George Booker
Psalms Studies - Book 5

Psalm 129

1. Structure

Just as 128 has two very similar stanzas, so also 129, except that here there is strong contrast:

Israel’s tribulation from enemies (cp. 124:1-3)
The enemies — no prosperity

2. A psalm of Hezekiah

Many a time have they afflicted me from my youth, may Israel now say: Many a time have they afflicted me from my youth: yet they have not prevailed against me. The construction of this phrase closely parallels that of 124:1,2, including as it does the refrain “May Israel now say”. In 124 Israel is a bird that escapes when the net is broken (v. 7); here she is a slave freed when her cords are cut asunder (v. 4).

They have afflicted me from my youth. With a swift backward glance all of Israel’s checkered history comes into view. From her “youth”, spent in Egyptian bondage (Hos. 2:15; Jer. 2:2), to the present time she has been afflicted by the wicked. Yet Israel still lives, while the chariots of Pharaoh and the swords of the Philistines, the scornful words of Rabshakeh and the host of Sennacherib, are no more.
The plowers plowed upon my back: they made long their furrows. In this unusual figure of speech, Hezekiah seems to identify himself with the Land itself, the very soil of Abraham’s promised possession. God loves this Land, and He has caused His Name and His glory to abide there. Even when He has put a curse upon it, and it is defiled by the tracks of alien chariots and the furrows of alien plows, still God delights in His Land, and still His ultimate purpose is that it will one day blossom as the rose.
The Lord is righteous, both in the tribulation He brings on His own people, and in the retribution He metes out to their cruel adversaries. As in Lam. 1:18, the most intense chastenings call forth from the best of men the recognition that God is indeed righteous, and that man suffers justly (Luke 23:41). The strokes from the Lord are designed to recall man to the traces of patient service.

He hath cut asunder the cords of the wicked. This links this verse with the preceding one. God has cut the cords of the plow that oppressed Israel, and it is fallen useless to the ground. God has cut the cords that bound Israel to Gentile servitude, and she is now free to serve her Lord.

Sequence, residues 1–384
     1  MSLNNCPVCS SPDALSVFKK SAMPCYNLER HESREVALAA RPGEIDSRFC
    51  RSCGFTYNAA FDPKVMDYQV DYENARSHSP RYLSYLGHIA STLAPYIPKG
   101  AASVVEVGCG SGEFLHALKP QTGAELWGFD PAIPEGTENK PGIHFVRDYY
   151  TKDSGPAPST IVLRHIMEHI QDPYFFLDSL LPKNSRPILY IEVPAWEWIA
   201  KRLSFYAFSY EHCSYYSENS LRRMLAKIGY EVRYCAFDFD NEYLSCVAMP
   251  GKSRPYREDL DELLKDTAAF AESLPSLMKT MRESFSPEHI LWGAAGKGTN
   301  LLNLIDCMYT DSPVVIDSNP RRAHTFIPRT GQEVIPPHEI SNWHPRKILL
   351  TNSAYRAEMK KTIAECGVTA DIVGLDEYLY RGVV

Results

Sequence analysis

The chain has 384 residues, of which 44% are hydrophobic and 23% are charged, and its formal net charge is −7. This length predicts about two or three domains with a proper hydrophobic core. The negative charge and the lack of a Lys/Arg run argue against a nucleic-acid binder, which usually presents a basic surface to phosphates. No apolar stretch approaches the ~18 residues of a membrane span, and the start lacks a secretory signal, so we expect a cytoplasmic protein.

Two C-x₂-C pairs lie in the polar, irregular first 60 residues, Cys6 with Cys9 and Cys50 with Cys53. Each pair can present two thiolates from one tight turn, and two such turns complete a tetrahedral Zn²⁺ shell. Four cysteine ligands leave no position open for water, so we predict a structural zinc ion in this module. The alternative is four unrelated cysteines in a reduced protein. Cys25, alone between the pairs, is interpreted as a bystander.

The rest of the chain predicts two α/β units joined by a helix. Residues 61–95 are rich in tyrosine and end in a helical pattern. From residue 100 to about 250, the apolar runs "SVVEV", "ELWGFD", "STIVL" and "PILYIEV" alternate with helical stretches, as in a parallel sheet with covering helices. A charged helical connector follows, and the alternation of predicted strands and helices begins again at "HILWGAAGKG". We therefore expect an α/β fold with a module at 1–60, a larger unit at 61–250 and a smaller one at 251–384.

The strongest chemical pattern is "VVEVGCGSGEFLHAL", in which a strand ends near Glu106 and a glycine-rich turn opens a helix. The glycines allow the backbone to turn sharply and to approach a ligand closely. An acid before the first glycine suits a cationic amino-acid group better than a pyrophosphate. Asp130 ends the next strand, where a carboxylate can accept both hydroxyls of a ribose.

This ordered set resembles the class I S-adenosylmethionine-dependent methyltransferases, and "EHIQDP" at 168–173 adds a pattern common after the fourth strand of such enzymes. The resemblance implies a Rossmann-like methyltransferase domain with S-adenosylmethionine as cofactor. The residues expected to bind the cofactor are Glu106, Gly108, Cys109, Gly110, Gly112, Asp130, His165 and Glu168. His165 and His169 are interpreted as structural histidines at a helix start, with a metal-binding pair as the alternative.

Here and in vv. 5-8 there is, amazingly, little sign of resentful animosity against the invaders; but only a quiet satisfaction at the failure of their invasion.
Let them all. There are indications in Psa. 83 (see Par. 3 there) and various places in Isaiah and Joel, that the Assyrian army was greatly reinforced by contingents from other surrounding nations, glad of the opportunity to curry favor with the feared Assyrians, and also to work off longstanding hatred and envy of Israel.

Be confounded and turned back:

“And the Lord sent an angel which cut off all the mighty men of valour, and the leaders and captains in the camp of the king of Assyria. So he returned with shame of face to his own land... Thus the Lord saved Hezekiah and the inhabitants of Jerusalem from the hand of Sennacherib the king of Assyria, and from the hand of all other, and guided them on every side” (2 Chron. 32:21,22; Isa. 37:22,28,29,35).

That hate Zion, and its temple and its God. A study of the tirades addressed to Hezekiah and Jerusalem (Isa. 36; 37) and also the “idolatry” chapters in Isaiah (44, 46, and others) reveals that the driving motive for the invasion was to vindicate the greatness of the gods of Nineveh (humbled by Jonah two generations earlier), and to humiliate Yahweh and those who worshiped Him.